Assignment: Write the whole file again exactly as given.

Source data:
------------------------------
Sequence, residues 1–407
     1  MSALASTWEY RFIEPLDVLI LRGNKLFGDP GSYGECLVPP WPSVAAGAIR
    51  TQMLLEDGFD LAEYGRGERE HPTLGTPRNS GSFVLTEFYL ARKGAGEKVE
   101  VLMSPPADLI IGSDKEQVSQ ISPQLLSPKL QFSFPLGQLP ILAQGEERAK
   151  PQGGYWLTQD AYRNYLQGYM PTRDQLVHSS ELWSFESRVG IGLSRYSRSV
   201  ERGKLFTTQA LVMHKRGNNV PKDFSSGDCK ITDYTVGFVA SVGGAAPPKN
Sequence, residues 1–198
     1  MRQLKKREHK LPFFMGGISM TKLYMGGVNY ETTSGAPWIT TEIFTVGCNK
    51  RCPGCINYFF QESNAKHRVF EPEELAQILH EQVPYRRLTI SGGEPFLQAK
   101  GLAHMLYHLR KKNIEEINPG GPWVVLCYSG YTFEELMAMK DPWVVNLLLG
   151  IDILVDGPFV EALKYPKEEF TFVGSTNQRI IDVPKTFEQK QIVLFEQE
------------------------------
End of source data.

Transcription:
Sequence, residues 1–407
     1  MSALASTWEY RFIEPLDVLI LRGNKLFGDP GSYGECLVPP WPSVAAGAIR
    51  TQMLLEDGFD LAEYGRGERE HPTLGTPRNS GSFVLTEFYL ARKGAGEKVE
   101  VLMSPPADLI IGSDKEQVSQ ISPQLLSPKL QFSFPLGQLP ILAQGEERAK
   151  PQGGYWLTQD AYRNYLQGYM PTRDQLVHSS ELWSFESRVG IGLSRYSRSV
   201  ERGKLFTTQA LVMHKRGNNV PKDFSSGDCK ITDYTVGFVA SVGGAAPPKN
Sequence, residues 1–198
     1  MRQLKKREHK LPFFMGGISM TKLYMGGVNY ETTSGAPWIT TEIFTVGCNK
    51  RCPGCINYFF QESNAKHRVF EPEELAQILH EQVPYRRLTI SGGEPFLQAK
   101  GLAHMLYHLR KKNIEEINPG GPWVVLCYSG YTFEELMAMK DPWVVNLLLG
   151  IDILVDGPFV EALKYPKEEF TFVGSTNQRI IDVPKTFEQK QIVLFEQE